Review: Kenneth Woods makes shattering impact at MahlerFest
Orchestra performs unfinished Mahler masterpiece
There are still major conductors — some among the most passionate champions of Gustav Mahler’s music — who refuse to perform any version of the composer’s unfinished Tenth Symphony.
For those at Macky Auditorium on Saturday evening to hear it presented by the Colorado MahlerFest Orchestra, such purist sentiment must ring incredibly hollow.
Maestro Kenneth Woods — in his second year as music director for the venerable Boulder festival, which is now held every year in late May — made such an impact with his interpretation of the work that this could be pointed to as the moment where he truly took up the mantle of former director Robert Olson, who founded MahlerFest 30 years ago.
For the first time, MahlerFest performed the performing version by Deryck Cooke — the earliest and by far the most well-known of the various full realizations of the symphony. Woods demonstrated a profound familiarity with the Cooke score, and was reverential to the English musicologist’s vision — that this is Mahler’s music, and Cooke was only a medium through which it could be heard.
The first movement — which Mahler basically finished orchestrating — is easily the most familiar part of the Tenth. Woods showed intense focus in shaping the profound 24-minute movement.
Its shattering, dissonant climax arrived with walloping force, yet the peaceful, beautiful coda — which Mahler extended to an almost unbearable level — emerged out of the climax in a natural, wholly organic way.
Where Woods and the MahlerFest musicians were most impressive, however, was in the second movement. A jubilant and rambunctious affair, this scherzo-type piece must surely be the most difficult Mahler ever wrote — and it is more challenging than many better-known 20th-century virtuoso orchestral works.
Its constantly shifting meters, played at a dangerously fast pace, were a tour de force for the musicians of the orchestra. For a group of people who only come together once a year for this purpose, it was an amazing feat of brilliance.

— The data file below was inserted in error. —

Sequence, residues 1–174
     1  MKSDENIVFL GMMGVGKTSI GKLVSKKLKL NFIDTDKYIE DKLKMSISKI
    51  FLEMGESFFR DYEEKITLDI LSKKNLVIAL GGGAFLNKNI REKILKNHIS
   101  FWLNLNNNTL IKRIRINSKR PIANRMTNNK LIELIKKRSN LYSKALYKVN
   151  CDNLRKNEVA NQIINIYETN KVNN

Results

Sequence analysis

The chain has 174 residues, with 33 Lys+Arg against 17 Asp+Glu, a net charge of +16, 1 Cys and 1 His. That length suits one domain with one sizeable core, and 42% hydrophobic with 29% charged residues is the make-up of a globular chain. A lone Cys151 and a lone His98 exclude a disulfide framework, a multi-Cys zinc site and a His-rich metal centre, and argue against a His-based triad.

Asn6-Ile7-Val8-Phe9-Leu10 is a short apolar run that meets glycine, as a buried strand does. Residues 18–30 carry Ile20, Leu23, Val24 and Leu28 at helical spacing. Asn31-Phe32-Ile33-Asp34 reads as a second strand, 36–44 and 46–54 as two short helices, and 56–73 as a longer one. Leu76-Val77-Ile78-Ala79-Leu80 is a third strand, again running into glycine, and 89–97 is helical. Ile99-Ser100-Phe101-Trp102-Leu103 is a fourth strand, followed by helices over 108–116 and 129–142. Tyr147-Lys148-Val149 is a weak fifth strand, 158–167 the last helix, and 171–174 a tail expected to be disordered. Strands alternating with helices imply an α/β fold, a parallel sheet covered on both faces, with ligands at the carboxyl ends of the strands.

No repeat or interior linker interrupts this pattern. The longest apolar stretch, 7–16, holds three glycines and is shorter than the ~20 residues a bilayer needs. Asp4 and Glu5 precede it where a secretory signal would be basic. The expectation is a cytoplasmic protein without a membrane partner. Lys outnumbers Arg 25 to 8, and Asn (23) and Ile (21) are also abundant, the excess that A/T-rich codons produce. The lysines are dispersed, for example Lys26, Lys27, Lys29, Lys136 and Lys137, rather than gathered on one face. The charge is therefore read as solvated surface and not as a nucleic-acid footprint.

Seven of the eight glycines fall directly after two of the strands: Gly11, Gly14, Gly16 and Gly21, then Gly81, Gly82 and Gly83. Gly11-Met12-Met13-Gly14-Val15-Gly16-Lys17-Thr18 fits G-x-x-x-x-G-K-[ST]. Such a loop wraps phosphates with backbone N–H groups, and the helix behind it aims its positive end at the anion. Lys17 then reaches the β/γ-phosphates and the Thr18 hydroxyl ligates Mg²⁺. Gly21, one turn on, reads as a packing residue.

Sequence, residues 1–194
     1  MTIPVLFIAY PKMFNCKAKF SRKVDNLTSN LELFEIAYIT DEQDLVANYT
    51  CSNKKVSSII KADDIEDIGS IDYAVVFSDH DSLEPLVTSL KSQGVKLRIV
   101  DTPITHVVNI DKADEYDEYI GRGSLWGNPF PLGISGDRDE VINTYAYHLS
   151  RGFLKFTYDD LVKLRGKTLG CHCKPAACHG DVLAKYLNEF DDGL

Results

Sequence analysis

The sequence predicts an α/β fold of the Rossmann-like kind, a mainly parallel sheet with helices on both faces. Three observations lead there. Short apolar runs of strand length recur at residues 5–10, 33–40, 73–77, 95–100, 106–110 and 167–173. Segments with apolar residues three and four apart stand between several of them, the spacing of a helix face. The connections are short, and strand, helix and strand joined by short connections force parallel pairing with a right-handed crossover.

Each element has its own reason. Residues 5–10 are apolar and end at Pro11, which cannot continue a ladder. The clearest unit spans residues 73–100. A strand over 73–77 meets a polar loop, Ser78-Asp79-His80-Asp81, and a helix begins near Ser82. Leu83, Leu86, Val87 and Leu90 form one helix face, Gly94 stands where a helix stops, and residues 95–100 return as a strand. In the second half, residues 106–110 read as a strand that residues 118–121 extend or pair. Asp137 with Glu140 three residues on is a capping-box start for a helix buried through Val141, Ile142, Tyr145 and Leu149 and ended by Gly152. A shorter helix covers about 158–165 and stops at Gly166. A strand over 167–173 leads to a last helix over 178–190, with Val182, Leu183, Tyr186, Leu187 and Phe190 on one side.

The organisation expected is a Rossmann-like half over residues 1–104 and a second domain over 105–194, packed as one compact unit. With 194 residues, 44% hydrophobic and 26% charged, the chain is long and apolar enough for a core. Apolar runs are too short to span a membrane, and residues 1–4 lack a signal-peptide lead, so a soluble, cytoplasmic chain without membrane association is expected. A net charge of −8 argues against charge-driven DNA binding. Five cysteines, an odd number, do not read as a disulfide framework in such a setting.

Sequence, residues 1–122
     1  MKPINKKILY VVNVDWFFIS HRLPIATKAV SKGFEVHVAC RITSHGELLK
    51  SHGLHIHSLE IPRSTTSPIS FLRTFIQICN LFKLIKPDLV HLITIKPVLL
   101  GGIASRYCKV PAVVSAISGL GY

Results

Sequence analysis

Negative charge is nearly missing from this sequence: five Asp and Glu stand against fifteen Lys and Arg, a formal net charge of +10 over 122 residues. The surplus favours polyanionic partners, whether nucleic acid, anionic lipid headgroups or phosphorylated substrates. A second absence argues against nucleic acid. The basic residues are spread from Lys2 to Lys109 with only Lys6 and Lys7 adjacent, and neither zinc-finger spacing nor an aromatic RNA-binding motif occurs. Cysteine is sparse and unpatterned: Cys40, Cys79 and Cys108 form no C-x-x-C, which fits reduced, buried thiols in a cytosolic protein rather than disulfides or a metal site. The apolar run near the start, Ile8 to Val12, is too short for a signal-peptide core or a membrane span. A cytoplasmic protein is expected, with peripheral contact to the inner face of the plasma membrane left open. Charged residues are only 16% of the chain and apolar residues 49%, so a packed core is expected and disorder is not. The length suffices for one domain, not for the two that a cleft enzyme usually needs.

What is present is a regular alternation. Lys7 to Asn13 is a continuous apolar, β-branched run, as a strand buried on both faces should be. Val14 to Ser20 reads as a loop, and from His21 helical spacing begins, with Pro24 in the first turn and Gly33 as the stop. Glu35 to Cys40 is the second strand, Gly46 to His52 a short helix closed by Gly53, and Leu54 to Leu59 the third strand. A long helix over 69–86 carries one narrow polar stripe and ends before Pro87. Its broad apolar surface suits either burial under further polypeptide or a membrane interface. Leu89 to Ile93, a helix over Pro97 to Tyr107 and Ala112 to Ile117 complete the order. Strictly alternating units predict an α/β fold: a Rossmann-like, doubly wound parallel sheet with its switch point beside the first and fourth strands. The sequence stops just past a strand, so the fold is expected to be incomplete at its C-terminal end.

The final three movements (which are thematically related) did not disappoint, especially the huge finale. In the slow introduction to that movement, Kay Lloyd’s flute solo was otherworldly. Woods had a unique take on the famous repeated strokes from a muffled drum that characterize the movement’s opening. Rather than have them blasted out like cannon fire — as is heard on many recordings — Woods placed the drum offstage and went for an authoritative, but not earth-shattering sound.
At the festival symposium during the day Saturday, Woods explained this approach paid homage to Mahler’s supposed inspiration for the drum strokes — a funeral procession for a New York fireman he heard outside his window.
Like the first movement, the finale closes with a greatly extended slow coda, which Woods took to ethereal heights.
Cooke died in 1976, shortly after publication of his performing edition. One of the musicians who assisted him in the work, composer David Matthews, was on hand for Saturday’s performance at Macky. Woods opened the concert with the American premiere of an arrangement for string orchestra by Matthews of the String Quartet by English composer Edward Elgar, one of that composer’s final works.
It was a good choice for several reasons. Being written for strings alone, it allowed the wind players to conserve their energy for the demands of the Tenth. It was a fine display of Matthews’ skill as an arranger, and a fitting tribute for a distinguished guest who played such a large role in the preparation of Cooke’s edition. Matthews himself delivered a beautiful and moving talk at the symposium, paying a heartfelt tribute to Cooke and giving a solid explanation of both the methods used and the justification for preparing a performing version of the Tenth.
With the convincing performance of the Cooke Tenth, Woods filled one of the few holes on MahlerFest’s “bucket list.” The concert is repeated 3:30 p.m. today at Macky. Tickets are available at the door or online.
It was announced that the major work for next year’s MahlerFest XXXI will be the orchestral song cycle “Das Lied von der Erde” (“The Song of the Earth”). That piece — written between the Eighth and Ninth Symphonies and often counted among the symphonies (making a total of 11) — was last performed at Macky in 2007 with world-famous baritone Thomas Hampson.